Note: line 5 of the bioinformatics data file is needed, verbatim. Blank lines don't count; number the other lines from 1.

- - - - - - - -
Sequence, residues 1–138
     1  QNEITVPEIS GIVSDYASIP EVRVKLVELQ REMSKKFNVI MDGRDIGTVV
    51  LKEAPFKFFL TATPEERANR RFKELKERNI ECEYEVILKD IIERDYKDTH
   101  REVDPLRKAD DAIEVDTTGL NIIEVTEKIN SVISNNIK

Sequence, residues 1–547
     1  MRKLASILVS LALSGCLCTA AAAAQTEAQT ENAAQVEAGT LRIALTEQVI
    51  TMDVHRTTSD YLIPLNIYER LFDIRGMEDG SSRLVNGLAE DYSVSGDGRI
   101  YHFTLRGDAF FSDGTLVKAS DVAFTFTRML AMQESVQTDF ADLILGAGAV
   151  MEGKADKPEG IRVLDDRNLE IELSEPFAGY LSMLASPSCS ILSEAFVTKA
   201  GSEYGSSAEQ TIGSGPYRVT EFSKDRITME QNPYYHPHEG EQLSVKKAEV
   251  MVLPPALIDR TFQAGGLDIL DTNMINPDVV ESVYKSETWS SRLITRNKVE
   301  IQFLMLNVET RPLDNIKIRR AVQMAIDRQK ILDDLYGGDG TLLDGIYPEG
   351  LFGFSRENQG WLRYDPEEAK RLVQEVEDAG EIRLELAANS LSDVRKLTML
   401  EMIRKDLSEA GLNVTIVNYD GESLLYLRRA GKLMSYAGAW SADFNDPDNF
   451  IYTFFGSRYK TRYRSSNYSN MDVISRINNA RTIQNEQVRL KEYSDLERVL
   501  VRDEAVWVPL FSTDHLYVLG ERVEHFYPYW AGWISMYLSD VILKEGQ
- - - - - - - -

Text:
Sequence, residues 1–547